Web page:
Smarter materials require heavy doses of radiation and deep analysis
Climate friendly energy requires smart materials that can produce energy from sunlight or transform heat into electricity and then store it for extended periods of time. In order to develop new and better energy materials, understanding what each and every atom in the material does must first be understood, which isn’t always easy to ascertain. Doing so requires heavy doses of x-ray radiation and a fair amount of computational power to delve so deeply into the energy producing materials of the future. Kirsten Marie Ørnsbjerg Jensen is a new assistant professor at the Department of Chemistry with access to both. And, she has a final and no less important quality.
”I think that it is incredibly exciting to use physics methodologies to understand chemical processes at the atomic level. My research also entails developing new materials in the laboratory, but for me, the most important thing is to understand how materials behave. I typically spend one week conducting measurements and subsequent months performing calculations to figure out what my measurements actually mean. Therefore, much of my research takes place at the computer,” says Jensen.
Structure decides function of materials
Whether we want to make new batteries, solar cells, catalysts or what are known as thermoelectric materials that convert heat to electrical current, it is important to know how materials are built up: to understand their structure. Structure determines what a material is capable of. Therefore, Jensen uses x-ray or neutron radiation to study her materials.
"Now we have completely new possibilities for understanding the structure of materials!
Kirsten Marie Ørnsbjerg Jensen
Department of Chemistry
University of Copenhagen
”The advanced scattering techniques that I use have only been used in nanotechnology research for the past 10-15 years, and have only gained a foothold in the last five years. The theory behind it all has been in existence for 100 years, almost since the discovery of x-rays, but they require very powerful radiation sources combined with computational power to produce useful results. Now we have completely new possibilities for understanding the structure of materials,” says the assistant professor.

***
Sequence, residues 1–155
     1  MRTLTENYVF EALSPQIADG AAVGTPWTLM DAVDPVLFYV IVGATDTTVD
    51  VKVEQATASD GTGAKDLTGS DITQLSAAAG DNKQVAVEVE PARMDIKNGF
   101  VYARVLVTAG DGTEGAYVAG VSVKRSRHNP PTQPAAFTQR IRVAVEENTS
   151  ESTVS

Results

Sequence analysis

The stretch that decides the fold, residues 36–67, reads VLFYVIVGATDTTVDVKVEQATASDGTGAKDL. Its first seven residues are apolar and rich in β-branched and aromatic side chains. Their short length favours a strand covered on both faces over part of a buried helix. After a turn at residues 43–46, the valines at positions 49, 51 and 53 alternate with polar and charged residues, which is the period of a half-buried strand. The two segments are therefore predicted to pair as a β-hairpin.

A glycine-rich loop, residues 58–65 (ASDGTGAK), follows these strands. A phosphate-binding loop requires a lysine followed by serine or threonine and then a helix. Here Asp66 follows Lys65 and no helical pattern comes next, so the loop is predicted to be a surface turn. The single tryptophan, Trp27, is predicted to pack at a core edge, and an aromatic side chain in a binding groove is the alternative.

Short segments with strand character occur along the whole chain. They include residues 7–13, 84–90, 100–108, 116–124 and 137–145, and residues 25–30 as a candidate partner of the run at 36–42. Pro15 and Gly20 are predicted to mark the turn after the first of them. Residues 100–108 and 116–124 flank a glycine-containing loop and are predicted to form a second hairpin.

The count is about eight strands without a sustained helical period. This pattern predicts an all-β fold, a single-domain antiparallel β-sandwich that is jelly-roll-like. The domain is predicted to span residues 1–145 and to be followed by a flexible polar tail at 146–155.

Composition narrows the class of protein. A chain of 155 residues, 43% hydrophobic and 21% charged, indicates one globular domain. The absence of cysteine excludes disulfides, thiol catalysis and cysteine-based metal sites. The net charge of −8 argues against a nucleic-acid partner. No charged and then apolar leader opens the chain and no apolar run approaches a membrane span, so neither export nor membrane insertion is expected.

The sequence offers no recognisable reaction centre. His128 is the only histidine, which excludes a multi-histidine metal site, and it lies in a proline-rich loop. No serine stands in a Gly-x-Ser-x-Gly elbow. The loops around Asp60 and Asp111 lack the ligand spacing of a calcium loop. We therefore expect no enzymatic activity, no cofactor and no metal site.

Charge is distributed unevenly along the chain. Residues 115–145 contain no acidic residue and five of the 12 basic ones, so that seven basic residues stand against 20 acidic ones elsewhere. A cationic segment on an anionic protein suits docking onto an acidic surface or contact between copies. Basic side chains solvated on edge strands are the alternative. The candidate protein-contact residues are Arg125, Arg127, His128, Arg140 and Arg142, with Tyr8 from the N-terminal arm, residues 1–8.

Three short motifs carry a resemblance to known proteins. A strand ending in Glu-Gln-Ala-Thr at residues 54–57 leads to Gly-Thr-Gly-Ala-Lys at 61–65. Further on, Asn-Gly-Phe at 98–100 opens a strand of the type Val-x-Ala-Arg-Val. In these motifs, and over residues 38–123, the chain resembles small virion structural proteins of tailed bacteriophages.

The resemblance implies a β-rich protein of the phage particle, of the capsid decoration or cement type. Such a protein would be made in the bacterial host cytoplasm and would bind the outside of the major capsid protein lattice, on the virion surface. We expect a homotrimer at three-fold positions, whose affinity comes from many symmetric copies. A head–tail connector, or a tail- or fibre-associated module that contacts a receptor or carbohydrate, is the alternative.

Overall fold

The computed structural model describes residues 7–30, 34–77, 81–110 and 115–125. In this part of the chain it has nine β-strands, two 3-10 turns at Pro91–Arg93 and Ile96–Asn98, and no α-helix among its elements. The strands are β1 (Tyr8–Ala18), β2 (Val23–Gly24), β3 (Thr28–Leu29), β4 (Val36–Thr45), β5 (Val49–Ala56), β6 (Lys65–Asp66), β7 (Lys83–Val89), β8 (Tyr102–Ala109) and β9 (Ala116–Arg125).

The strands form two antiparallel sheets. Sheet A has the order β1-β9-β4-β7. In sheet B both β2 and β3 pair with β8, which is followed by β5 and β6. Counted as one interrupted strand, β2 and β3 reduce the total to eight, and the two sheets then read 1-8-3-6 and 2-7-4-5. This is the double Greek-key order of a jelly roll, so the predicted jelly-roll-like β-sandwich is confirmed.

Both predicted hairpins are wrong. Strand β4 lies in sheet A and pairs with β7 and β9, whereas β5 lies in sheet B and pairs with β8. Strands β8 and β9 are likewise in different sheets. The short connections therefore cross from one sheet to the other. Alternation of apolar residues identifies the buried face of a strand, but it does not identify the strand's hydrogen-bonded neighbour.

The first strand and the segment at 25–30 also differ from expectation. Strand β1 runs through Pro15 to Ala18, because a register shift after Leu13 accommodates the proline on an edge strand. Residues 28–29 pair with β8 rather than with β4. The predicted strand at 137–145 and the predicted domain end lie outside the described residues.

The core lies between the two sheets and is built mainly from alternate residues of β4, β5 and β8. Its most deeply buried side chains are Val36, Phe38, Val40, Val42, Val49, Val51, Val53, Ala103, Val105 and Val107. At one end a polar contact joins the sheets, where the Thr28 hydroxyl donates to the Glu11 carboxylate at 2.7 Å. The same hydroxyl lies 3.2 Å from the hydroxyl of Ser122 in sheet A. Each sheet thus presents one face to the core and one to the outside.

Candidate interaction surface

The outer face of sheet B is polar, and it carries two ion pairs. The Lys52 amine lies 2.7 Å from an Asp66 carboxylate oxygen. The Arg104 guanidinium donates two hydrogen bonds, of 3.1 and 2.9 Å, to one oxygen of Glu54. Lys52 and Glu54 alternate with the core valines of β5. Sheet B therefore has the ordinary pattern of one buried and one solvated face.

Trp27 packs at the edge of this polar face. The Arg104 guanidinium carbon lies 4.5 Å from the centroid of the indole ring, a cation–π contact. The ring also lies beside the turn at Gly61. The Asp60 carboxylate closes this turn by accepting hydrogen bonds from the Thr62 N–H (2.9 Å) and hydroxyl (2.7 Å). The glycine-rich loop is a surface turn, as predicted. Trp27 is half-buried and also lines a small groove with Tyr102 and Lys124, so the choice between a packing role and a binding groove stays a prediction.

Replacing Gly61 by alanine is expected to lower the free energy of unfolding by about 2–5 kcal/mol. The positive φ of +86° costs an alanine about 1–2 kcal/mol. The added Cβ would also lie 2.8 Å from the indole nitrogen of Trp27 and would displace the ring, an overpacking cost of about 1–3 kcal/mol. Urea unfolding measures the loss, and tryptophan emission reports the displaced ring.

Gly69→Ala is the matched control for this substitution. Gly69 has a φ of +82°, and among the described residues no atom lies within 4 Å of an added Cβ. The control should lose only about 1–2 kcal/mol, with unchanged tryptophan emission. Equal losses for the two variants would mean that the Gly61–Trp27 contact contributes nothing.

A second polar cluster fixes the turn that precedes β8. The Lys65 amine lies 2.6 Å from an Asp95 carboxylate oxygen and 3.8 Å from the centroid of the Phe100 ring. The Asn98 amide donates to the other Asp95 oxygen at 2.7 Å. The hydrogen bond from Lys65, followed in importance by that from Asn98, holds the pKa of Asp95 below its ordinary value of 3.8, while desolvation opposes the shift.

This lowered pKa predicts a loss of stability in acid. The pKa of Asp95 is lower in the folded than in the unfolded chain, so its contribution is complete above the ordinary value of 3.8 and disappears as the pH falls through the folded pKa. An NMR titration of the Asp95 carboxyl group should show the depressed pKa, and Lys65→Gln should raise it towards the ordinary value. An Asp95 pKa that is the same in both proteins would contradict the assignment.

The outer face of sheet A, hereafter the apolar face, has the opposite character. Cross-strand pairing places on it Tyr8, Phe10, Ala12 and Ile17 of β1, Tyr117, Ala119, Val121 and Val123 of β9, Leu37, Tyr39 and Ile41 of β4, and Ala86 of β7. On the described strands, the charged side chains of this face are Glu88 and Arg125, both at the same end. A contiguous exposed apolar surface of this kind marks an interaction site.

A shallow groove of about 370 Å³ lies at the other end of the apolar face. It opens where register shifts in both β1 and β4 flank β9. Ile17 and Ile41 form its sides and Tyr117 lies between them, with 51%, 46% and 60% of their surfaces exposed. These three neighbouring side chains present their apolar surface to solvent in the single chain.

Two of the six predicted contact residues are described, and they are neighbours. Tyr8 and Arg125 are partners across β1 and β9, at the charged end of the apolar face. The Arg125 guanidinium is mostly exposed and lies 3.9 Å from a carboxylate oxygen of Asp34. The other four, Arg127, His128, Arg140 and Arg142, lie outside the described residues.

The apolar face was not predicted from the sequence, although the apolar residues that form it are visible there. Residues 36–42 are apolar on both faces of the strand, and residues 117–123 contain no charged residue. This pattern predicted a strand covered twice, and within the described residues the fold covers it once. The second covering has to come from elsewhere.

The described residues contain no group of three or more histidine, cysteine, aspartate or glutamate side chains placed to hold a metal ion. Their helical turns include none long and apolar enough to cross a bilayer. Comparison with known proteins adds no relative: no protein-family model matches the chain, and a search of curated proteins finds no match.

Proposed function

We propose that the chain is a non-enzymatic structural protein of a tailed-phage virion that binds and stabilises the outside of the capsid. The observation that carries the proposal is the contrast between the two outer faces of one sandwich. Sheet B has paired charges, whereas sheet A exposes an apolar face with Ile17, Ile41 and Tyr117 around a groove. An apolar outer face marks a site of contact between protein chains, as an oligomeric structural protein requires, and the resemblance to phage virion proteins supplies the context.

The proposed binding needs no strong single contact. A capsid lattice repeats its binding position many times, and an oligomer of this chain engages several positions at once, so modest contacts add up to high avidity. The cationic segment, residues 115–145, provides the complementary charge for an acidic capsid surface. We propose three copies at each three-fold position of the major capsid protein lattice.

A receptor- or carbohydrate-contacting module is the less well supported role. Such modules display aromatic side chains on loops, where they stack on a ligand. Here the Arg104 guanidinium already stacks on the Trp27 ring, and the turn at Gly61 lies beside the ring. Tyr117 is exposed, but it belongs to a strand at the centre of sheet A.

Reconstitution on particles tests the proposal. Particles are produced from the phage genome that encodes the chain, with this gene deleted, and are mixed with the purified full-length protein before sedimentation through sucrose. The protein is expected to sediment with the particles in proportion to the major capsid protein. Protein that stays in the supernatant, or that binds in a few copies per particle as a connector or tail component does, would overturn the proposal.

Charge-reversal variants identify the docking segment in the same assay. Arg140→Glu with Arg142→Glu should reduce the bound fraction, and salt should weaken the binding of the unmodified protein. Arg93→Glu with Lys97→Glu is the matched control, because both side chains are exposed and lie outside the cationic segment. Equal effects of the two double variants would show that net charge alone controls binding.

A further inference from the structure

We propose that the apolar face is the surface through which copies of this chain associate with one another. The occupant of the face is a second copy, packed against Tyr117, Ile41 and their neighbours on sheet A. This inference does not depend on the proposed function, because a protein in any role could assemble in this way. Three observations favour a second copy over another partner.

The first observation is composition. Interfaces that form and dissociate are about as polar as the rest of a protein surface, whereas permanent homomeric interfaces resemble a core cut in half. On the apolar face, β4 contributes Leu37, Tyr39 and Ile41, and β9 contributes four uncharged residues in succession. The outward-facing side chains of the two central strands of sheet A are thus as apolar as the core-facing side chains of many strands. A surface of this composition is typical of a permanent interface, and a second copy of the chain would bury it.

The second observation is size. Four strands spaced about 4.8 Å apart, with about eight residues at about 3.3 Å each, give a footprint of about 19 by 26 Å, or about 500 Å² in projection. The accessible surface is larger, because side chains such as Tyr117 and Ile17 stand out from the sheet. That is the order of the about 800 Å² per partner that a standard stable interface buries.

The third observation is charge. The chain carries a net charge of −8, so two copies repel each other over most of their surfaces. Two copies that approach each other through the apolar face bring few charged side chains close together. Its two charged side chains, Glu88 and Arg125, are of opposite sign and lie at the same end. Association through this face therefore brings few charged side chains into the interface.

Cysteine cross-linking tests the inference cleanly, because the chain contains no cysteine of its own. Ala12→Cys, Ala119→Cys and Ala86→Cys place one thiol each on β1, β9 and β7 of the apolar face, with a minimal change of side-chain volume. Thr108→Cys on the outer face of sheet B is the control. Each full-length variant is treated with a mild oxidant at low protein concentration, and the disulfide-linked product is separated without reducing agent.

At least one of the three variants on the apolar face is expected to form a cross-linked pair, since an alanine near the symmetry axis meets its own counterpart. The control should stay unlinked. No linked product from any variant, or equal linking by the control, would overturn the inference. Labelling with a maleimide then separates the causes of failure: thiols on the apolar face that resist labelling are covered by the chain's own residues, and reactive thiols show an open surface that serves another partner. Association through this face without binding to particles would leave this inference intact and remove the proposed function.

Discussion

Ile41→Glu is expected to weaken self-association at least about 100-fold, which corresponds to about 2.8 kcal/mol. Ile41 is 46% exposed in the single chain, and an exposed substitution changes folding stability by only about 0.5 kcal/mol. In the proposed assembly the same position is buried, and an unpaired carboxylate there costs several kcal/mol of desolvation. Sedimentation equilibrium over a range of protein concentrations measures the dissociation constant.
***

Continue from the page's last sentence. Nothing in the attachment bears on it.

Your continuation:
Smaller is greater
Whether storing energy in batteries, or converting it in fuel cells, it has been shown that efficacy increases as particles become smaller in whatever material is being used. Funnily enough, the opposite is also true. As the structures to be investigated become smaller, the machines required to study them become larger and larger. And in this context, Jensen is an enthusiastic user of some of the world’s largest research facilities. She travels regularly to synchrotron radiation facilities in Grenoble and Chicago among others. But she will soon be able to cut back on her long trips abroad when Europe’s most powerful radiation facility, Max IV, opens just outside the Swedish city of Lund, just an hour away from Copenhagen.
Structural changes during transformation is next step
It’s one thing is to understand the structure of the finished materials, but Kirsten Marie Ørnsbjerg Jensen also wants to investigate the details of the chemical processes that take place while producing them. These processes take place at the atomic level and occur in milliseconds. This places even higher demands upon both the materials and those who calculate the measurements.
Obvious choice for Department focused on smart materials
Kirsten Marie Ørnsbjerg Jensen completed her chemistry studies and earned a PhD at Aarhus University. Postdoctoral work took her to Columbia University in New York City. Throughout, she has refined her ability to investigate materials. This makes her an obvious partner for the Department of Chemistry’s research groups and centres for materials research in solar energy, nanotechnology and fuel cells among other things.
Dept. of Chemistry
Tel: 3050 6582